There was more than a little doom and gloom surrounding Yanis Varoufakis at the 20th EPRA Annual Conference, where he took almost 400 high-level real estate and investment delegates through his assessment of the state of the European Union.
During his keynote speech in Madrid this September, the former Greek Finance Minister reminisced that the 2008 global financial crisis “was our generation’s 1929”. More concerning was his assertion that “by comparison, no advanced economy has been less prepared for the next recession than the Eurozone is today.”
So, what, if anything, can the listed real estate industry learn from this? In practice, according to José Manuel Barroso, there are potentially very few lessons to be learned from Varoufakis’ warning. The former President of the European Commission points to forces beyond most business leaders’ control as the EU’s most deep-seated problems.
For listed real estate corporations, the answer is business as usual, as far as Vonovia CEO Rolf Buch is concerned. “We are living in democracies where the politicians decide the frameworks. As companies, our responsibility is simply to explain the implications of their frameworks and react.”
If business as usual is the order of the day for the corporates, the story is certainly not the same for the investment community. Now a non-executive director at Goldman Sachs, Barroso intimates the bank’s insider consensus that low yields are here to stay. This comes as no surprise for most, but it does present an opportunity for the listed real estate industry to position itself as a real investment opportunity for a low-interest environment. After all, business as usual has led to the asset class’s astonishing outperformance over the past 15 years.
But, for many, the key to maintain this level of outperformance is more about futureproofing their business by responding to major demographic changes rather than reacting to political noise.
For Méka Brunel, CEO of Gecina, the answer is formulating a global vision that translates locally, allowing large businesses to hedge against geographical risks and remain agile, market by market. “If the global view is unpredictable, you must hedge what is going on. First, it is about defence,” says Brunel.
Preparing for the future must be more than just a defensive strategy in action, according to Pere Viñolas Serra, CEO of Colonial, however. He believes that politics and the economy reflect increasing globalisation, and that there are three clear trends. “Urbanization. Technology. Climate change. Whatever happens in politics, we must focus on how we react to these three trends.”
Transforming the real estate industry to account for these tectonic environmental and demographic shifts, may hold the key to remaining an attractive high-yielding investment in a low-interest world. How to do so is another question entirely. Antony Slumbers, co-founder of PropAI, believes that the successful implementation of artificial intelligence and automation is the key.
In his presentation at the Conference, Slumbers depicts a society of the future utilising AI to address urbanisation, climate change and technological shifts. Seeking to investigate how this will change the workplace, as an example, and what effect this will have on the wider real estate industry, his conclusion is not what many people expect: “Fewer and better” is his mantra.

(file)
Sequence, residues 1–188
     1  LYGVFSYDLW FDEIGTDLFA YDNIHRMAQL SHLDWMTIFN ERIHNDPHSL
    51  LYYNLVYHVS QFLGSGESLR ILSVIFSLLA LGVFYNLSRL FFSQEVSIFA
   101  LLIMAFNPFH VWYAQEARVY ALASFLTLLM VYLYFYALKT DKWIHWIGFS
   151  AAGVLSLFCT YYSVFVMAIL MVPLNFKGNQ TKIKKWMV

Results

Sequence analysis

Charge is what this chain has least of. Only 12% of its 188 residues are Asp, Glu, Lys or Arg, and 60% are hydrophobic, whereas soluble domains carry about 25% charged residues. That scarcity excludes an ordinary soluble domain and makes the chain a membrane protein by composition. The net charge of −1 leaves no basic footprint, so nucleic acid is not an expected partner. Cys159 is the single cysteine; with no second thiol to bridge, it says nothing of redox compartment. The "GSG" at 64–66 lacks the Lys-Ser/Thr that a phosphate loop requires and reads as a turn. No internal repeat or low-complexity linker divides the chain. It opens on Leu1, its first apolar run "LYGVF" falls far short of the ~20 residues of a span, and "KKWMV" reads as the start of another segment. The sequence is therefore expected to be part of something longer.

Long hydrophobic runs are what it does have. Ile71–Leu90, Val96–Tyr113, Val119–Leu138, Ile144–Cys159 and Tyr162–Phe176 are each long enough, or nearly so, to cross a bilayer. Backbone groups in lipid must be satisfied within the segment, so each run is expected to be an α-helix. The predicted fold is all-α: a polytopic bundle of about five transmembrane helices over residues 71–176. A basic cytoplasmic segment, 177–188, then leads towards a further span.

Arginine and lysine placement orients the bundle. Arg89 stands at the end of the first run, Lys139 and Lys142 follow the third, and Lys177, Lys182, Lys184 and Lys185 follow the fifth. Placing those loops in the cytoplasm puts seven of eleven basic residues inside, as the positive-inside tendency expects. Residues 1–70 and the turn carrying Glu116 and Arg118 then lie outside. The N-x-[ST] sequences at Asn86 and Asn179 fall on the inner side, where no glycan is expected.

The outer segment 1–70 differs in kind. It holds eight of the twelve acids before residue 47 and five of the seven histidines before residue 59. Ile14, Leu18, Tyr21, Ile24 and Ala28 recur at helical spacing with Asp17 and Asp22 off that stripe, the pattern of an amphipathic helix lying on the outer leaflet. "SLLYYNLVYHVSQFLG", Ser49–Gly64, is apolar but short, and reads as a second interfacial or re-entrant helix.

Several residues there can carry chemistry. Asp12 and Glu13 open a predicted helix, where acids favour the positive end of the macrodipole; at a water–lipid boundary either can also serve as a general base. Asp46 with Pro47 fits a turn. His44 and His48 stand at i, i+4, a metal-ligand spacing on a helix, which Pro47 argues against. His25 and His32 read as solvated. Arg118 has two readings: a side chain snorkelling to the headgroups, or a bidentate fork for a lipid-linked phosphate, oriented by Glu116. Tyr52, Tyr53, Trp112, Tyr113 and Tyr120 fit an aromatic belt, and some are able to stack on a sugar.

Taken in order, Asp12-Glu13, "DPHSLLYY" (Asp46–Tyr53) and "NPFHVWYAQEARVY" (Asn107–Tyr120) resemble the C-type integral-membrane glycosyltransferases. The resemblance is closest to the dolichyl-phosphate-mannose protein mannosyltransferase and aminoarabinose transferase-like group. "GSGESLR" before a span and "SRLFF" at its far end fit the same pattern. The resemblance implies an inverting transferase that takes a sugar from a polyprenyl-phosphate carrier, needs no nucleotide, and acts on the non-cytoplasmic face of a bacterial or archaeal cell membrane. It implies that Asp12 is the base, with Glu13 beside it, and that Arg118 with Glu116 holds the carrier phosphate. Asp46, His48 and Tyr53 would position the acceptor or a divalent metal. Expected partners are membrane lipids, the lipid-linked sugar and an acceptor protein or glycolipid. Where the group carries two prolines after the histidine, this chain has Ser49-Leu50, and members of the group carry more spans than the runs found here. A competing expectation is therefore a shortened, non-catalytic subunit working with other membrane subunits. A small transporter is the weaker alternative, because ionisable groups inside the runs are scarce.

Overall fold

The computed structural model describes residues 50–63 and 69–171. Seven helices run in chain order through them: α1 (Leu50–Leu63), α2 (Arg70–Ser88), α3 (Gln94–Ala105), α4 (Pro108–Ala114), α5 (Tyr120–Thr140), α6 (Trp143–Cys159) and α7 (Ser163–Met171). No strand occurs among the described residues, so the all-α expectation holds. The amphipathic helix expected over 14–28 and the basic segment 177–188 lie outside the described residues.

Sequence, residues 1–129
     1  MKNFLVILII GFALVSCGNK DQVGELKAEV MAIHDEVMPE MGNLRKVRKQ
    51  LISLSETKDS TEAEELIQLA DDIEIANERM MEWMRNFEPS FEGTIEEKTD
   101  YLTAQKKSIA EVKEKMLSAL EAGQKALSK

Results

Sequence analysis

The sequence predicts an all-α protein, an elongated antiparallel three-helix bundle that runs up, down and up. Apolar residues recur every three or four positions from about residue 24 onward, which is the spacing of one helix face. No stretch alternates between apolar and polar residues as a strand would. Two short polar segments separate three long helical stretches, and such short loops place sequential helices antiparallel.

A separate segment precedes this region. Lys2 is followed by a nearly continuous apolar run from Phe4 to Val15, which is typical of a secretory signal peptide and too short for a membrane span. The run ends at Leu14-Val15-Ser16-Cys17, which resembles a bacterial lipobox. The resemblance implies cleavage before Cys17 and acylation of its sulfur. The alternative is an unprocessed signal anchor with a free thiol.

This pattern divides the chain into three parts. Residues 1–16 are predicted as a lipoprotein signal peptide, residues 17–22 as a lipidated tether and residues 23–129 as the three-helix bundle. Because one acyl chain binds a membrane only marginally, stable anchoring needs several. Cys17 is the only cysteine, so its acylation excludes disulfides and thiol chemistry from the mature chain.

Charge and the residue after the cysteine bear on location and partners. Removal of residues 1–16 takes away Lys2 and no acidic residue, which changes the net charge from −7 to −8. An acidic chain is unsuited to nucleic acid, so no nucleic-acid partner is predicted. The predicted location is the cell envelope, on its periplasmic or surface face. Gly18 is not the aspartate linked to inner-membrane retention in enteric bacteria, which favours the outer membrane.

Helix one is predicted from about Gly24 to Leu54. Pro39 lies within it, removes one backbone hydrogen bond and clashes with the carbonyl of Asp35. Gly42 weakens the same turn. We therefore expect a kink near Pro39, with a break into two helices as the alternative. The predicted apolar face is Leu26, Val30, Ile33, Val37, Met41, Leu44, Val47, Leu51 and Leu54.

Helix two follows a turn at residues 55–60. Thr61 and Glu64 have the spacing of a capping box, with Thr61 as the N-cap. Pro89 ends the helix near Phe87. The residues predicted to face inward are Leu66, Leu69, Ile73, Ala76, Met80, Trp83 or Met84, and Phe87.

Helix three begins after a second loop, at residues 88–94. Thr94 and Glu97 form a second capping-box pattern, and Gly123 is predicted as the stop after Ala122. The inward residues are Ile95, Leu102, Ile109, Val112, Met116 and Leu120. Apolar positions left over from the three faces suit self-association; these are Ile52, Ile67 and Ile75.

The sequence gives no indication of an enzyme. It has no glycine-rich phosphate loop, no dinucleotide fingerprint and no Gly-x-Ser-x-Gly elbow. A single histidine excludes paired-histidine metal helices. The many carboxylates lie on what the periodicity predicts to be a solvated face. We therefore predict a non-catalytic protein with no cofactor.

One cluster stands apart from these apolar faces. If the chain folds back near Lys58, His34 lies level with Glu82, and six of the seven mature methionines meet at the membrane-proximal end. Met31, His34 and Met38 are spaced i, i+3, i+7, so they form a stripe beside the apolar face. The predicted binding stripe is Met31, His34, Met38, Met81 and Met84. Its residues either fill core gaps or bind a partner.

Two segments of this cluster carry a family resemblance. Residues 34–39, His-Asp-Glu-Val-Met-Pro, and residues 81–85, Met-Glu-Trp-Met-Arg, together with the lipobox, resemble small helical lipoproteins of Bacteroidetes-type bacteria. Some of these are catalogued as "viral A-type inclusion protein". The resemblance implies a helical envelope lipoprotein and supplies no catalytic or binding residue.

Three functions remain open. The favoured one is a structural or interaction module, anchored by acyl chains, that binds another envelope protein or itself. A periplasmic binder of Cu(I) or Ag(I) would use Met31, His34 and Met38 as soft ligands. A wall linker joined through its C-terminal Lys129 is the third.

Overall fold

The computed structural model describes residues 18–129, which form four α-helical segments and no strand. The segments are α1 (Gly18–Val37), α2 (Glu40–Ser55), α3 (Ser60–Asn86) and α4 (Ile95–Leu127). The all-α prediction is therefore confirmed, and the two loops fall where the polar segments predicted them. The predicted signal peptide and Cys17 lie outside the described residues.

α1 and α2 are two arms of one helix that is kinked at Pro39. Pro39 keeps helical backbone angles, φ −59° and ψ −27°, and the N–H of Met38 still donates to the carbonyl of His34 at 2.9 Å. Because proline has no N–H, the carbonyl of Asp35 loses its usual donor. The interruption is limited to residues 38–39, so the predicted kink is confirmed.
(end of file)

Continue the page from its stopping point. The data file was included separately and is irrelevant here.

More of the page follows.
Within the new workplace paradigm, Bloomberg’s Stephanie Flanders’ quip that Boris Johnson replacing Theresa May “may be the first instance of a robot being replaced by an unskilled worker”. Anything structured or repeatable will likely be automated. The value of prediction, therefore, will plummet and in its stead, the value of decision-making and creativity will increase exponentially.
Fortunately, this insight into how the nature of work will change leaves an important role for humans as creators and decision-makers, but it demonstrates an inevitable change in our real estate requirements. “The imperative, therefore, will be office spaces that allow people to do more. To futureproof your offices, you must create environments in which people can do great things,” says Slumbers.
Perhaps most fascinating is how this breaks down assumptions and truths that have created the greatest business centres across the world. In London, Frankfurt and Paris, for example, we assume that big buildings mean big business.
But enabling humans “to do great things” does not actually require lots of space; doing repetitive and mediocre things does. So, given the backdrop of increasingly automated, machine-processed work, it may not be long before we see the office-based presence of even the world’s biggest, most influential businesses shrink beyond recognition.
Slumbers’ examination of offices is just one of many sectors within the wider real estate industry, but should its business model change half as dramatically as he suggests it could, it will be the corporates that adapt to shifting trends most effectively that will remain the best investment value proposition in a European economy of persistently low returns.
The parting shot of his presentation, Real Estate as a Service, sums the situation up nicely. “In real estate, modernity requires density, flexibility and the effective combination of pleasure and functionality. If your portfolio scores poorly against these, sell it.” He may be reading the future of office real estate, but this could also be a glimpse into the future for all segments of an industry which touches people in every aspect of their quickly changing lives.
For investors, then, listed real estate may be one answer to the problem of low-interest rates. For property companies across all segments in the sector, business as usual could mean unimaginable change to remain competitive.